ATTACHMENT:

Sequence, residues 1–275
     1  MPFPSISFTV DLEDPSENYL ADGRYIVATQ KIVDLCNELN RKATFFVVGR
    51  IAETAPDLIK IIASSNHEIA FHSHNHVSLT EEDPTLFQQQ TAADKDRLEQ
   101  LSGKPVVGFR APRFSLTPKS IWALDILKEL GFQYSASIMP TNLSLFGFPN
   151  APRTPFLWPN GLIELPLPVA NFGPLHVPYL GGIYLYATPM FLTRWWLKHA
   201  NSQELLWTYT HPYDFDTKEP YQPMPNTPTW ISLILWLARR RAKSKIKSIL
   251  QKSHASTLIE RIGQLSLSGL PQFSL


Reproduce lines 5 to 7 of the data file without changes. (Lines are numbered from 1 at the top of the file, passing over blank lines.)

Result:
   151  APRTPFLWPN GLIELPLPVA NFGPLHVPYL GGIYLYATPM FLTRWWLKHA
   201  NSQELLWTYT HPYDFDTKEP YQPMPNTPTW ISLILWLARR RAKSKIKSIL
   251  QKSHASTLIE RIGQLSLSGL PQFSL